FLUORESCENT BALLAST FAQS

WHAT IS THE TYPICAL LIFE OF A BALLAST?
WHAT IS CREST FACTOR?
DOES AMBIENT TEMPERATURE HAVE AN EFFECT ON THE PERFORMANCE OF A SYSTEM?
WHAT IS EMI/RFI?
WHAT IS LAMP OPERATING FREQUENCY?
DO BALLASTS CAUSE INFRARED INTERFERENCE?
WHY DO SOME BALLASTS MAKE NOISE AND ARE THERE QUIETER OPTIONS?
WHAT IS THE DIFFERENCE BETWEEN A SYSTEM WIRED IN SERIES AND A SYSTEM WIRED IN PARALLEL?
WHAT IS THERMAL PROTECTION?
WHAT ARE TYPE 1 BALLASTS?

WHAT IS THE TYPICAL LIFE OF A BALLAST?
STANDARD fluorescent magnetic and electronic ballasts are intended to operate an average of 50 000 hours (at maximum rated case temperature). The useful life of a fluorescent ballast depends on the daily hours of operation and the operating temperature, the latter being the most critical. It is important to note that increasing the operating temperature by 10°C will cut the life expectancy in half, and lowering it by 10°C, will double ballast life.

WHAT IS CREST FACTOR?
Crest factor is the ratio of the peak current value divided by the RMS current value. High current crest factors will reduce the life of the lamp. Many STANDARD electronic types of ballasts have low crest factors.

DOES AMBIENT TEMPERATURE HAVE AN EFFECT ON THE PERFORMANCE OF A SYSTEM?
The ambient temperature of a normal lighting installation is usually 25°C, which is why fluorescent fixtures are tested at this temperature. Lamps will operate down to 10°C (50°F) for standard lamps and 16°C (60°F) for energy saving lamps.

However, many applications (without air conditioning for example), have ambient temperatures as high as 50°C at the light source. An ambient temperature rise as minimal as 1°C, can cause ballast case temperature to rise by 0.9°C, which will affect lamp light output as most fluorescent lamps optimally perform at an ambient temperature of 25°C.

Low temperatures and cold weather applications such as outdoor or underground parking applications can affect starting and operation. If the ambient temperature decreases further the result will be decreased light levels and increased difficulty in starting the lamps which can lead to early lamp life failure. The ballast must always operate below the maximum rate case temperature in order to maximize life and operation.

WHAT IS EMI/RFI?
Electromagnetic interference (EMI) or radio frequency interference (RFI) are unintentionally generated power that has a potential to interfere with other devices operating at high frequencies, such as radios, televisions or medical equipment. EMI/RFI levels are regulated by the FCC, and are usually reduced by filters, suppressor or other devices.

WHAT IS LAMP OPERATING FREQUENCY?
There are two types of operating frequencies associated with fluorescent ballasts: input and output frequency.

• Input frequency is delivered by the power company (utility). In North America, 60 Hz is the norm.
• Output frequency is sometimes referred to as the lamp operating frequency. This is the frequency that the ballast delivers to the lamp. Magnetic ballasts deliver 50/60 Hz; whereas electronic ballasts deliver a frequency greater than 20 000 Hz. Fluorescent lamps can accept either of these frequencies.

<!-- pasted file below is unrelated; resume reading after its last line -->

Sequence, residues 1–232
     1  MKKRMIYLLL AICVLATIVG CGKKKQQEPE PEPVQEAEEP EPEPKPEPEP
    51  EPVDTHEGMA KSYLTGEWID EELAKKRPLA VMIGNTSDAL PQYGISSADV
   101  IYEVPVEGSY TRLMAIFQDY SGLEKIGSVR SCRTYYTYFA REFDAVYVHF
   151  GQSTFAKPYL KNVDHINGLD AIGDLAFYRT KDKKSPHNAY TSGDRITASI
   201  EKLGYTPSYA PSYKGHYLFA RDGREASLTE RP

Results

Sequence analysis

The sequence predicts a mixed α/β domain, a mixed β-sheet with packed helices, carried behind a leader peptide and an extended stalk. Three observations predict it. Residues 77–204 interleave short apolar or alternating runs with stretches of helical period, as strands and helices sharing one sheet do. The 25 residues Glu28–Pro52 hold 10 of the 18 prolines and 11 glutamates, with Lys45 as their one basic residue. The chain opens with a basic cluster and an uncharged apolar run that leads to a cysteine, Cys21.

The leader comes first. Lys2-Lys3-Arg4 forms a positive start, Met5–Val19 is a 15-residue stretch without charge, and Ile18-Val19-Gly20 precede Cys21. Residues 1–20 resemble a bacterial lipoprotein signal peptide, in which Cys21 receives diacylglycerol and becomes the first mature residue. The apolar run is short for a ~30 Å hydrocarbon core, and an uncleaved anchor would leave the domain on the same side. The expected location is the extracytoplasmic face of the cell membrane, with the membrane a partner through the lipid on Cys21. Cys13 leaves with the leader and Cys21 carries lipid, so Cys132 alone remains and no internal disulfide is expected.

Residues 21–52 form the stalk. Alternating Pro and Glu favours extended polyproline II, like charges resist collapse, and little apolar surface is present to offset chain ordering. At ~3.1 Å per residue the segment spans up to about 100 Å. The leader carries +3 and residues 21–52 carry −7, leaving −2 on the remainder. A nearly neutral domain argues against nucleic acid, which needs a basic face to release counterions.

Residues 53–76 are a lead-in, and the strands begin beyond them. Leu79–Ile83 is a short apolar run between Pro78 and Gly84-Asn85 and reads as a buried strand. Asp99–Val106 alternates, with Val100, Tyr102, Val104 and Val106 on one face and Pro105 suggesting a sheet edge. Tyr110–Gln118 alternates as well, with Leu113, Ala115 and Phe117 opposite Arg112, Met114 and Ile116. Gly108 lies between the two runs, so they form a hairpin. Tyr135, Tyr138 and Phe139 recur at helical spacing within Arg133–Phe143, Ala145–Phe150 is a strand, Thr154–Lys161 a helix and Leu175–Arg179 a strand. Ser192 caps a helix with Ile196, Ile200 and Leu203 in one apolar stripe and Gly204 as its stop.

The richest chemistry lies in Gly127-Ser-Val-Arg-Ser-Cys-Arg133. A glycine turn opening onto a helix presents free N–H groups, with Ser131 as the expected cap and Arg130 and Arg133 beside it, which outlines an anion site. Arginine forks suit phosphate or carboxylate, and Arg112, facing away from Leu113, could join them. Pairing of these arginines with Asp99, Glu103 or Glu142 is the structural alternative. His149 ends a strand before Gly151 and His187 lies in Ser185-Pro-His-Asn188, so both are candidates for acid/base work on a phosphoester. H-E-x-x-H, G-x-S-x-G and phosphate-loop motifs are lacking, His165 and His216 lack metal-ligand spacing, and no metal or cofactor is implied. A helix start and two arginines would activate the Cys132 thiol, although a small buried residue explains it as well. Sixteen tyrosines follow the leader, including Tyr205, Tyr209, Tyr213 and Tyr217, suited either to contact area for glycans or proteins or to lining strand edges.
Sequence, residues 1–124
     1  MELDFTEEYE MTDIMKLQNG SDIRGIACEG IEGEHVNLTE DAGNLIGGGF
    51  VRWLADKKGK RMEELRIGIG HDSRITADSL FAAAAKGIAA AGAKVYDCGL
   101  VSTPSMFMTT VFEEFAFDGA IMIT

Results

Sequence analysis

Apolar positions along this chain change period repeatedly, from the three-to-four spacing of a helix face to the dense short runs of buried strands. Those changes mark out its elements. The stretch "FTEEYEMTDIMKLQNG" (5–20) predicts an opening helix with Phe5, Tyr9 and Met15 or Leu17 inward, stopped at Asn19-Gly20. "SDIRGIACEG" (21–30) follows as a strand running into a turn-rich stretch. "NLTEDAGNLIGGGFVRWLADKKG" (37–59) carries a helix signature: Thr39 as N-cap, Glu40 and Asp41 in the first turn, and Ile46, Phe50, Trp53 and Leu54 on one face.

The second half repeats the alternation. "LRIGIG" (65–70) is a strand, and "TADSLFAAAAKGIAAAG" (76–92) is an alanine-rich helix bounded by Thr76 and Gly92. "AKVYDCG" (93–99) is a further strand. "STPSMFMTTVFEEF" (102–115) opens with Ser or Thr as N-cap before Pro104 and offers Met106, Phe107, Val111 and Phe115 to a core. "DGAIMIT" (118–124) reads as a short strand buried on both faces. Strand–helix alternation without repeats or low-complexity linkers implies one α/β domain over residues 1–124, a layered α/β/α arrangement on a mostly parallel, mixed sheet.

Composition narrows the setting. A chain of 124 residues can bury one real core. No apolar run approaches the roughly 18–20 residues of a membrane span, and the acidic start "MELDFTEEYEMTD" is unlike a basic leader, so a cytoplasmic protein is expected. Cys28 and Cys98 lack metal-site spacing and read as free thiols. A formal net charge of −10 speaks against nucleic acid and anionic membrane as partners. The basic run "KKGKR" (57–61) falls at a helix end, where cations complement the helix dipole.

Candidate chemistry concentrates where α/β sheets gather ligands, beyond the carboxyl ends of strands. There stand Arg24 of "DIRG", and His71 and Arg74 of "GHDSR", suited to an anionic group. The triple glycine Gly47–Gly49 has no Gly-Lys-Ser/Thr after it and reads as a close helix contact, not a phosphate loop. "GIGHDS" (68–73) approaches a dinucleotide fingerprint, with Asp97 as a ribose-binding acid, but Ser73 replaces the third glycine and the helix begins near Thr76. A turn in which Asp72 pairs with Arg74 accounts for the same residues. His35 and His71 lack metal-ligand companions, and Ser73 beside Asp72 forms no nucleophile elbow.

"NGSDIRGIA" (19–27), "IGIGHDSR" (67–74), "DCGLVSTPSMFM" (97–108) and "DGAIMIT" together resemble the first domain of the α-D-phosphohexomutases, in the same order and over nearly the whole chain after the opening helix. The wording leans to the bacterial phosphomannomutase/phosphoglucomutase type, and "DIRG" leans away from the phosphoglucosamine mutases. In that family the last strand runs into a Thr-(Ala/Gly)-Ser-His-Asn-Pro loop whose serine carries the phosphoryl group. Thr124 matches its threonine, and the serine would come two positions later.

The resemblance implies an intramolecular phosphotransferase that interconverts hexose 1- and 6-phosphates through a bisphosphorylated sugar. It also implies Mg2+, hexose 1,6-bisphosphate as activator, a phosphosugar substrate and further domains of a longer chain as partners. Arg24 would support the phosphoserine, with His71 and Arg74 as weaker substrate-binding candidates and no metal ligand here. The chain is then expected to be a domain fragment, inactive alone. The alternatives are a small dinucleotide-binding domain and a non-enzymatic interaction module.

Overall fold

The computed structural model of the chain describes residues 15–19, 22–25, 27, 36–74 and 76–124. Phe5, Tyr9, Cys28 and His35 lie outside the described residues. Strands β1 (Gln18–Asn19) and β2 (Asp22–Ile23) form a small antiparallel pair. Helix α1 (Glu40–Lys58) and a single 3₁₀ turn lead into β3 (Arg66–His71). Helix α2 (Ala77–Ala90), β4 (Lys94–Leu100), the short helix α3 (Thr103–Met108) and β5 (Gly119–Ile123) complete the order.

The FCC however, regulates certain ranges such as 30-40 kHz and 56-62 kHz.
STANDARD brand electronic ballasts comply with FCC regulations operating above 20 kHz but avoiding the restricted ranges.

DO BALLASTS CAUSE INFRARED INTERFERENCE?
Infrared energy is emitted by fluorescent lamps, and may interfere with infrared controls. To avoid any interference, either increase the distance of the fluorescent lamp and the infrared equipment or use a protective shield for the infrared receiver to minimize this effect.

WHY DO SOME BALLASTS MAKE NOISE AND ARE THERE QUIETER OPTIONS?
Fluorescent lighting fixtures produce a vibration (a slight buzzing sound) that originates in the core and coil assembly of magnetic ballasts. The buzzing sound can increase based on a variety of factors, including:
• The fashion in which the ballast is mounted in the fixture
• The design of the fluorescent lamp fixture
• Reverberating characteristics of the ceiling, walls, floors and furniture
• Ballast size: generally, the larger the ballast, the more humming it generates

To help sort through the variations, all ballasts carry a published sound rating of A, B, C, or D. These sound ratings are based on measurements of average ambient noise levels during conditions of normal occupancy. The following chart illustrates the average ambient noise level per application, and the corresponding recommended sound rating.

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WHAT IS THE DIFFERENCE BETWEEN A SYSTEM WIRED IN SERIES AND A SYSTEM WIRED IN PARALLEL?
Lighting systems can typically be wired in two types of circuits: series or parallel. In a series circuit, when one lamp fails the circuit is broken and this causes all other lamps in the system to extinguish. Contrary, in a parallel circuit, the lamps actually operate independently of each other so, if one lamp fails, it does not affect the circuit to the other lamps, and they will continue to operate.
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WHAT IS THERMAL PROTECTION?
In accordance with the National Electrical Code (NEC), all canned and potted electronic fluorescent ballasts require built-in Class P Thermal Protection. This protection is provided by a switching device that shuts down the circuit if the ballast temperature rises to 105°C or greater.

The switching device will reset so the ballast will resume operation once the ballast cools down. This off-again, on-again cycling will continue until the cause of the excess heat is eliminated.

WHAT ARE TYPE 1 BALLASTS?
These ballasts are designed to meet cUL requirements for Type 1 use. Type 1 states that if ballasts are to be used in outdoor applications, a metal enclosure is required.